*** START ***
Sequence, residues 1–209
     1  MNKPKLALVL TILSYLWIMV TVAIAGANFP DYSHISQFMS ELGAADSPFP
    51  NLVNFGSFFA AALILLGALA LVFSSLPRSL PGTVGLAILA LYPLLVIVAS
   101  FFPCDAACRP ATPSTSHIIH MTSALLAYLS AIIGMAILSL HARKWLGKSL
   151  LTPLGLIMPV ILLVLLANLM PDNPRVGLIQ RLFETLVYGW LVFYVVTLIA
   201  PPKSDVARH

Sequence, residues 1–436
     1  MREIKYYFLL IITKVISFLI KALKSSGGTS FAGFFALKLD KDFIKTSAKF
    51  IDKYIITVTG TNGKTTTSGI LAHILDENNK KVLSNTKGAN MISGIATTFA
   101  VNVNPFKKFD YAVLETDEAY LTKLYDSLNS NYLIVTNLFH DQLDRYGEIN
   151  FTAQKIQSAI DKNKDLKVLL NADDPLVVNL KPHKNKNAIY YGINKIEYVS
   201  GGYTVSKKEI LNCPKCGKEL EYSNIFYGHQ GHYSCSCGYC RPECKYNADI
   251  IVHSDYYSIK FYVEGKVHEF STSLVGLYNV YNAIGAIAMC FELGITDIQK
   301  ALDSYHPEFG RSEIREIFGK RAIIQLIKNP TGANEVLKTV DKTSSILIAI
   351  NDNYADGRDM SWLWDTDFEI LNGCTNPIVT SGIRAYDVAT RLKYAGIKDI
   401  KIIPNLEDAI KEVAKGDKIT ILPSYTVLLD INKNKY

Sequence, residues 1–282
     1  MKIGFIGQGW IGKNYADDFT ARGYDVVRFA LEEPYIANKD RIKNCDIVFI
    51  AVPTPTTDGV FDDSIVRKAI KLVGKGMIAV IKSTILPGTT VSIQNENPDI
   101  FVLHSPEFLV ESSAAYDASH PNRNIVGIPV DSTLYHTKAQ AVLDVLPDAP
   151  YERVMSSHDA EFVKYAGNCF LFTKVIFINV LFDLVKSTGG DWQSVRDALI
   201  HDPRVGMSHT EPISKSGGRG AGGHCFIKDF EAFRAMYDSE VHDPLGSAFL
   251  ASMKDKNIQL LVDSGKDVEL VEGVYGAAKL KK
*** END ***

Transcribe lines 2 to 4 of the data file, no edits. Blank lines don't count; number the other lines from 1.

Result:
     1  MNKPKLALVL TILSYLWIMV TVAIAGANFP DYSHISQFMS ELGAADSPFP
    51  NLVNFGSFFA AALILLGALA LVFSSLPRSL PGTVGLAILA LYPLLVIVAS
   101  FFPCDAACRP ATPSTSHIIH MTSALLAYLS AIIGMAILSL HARKWLGKSL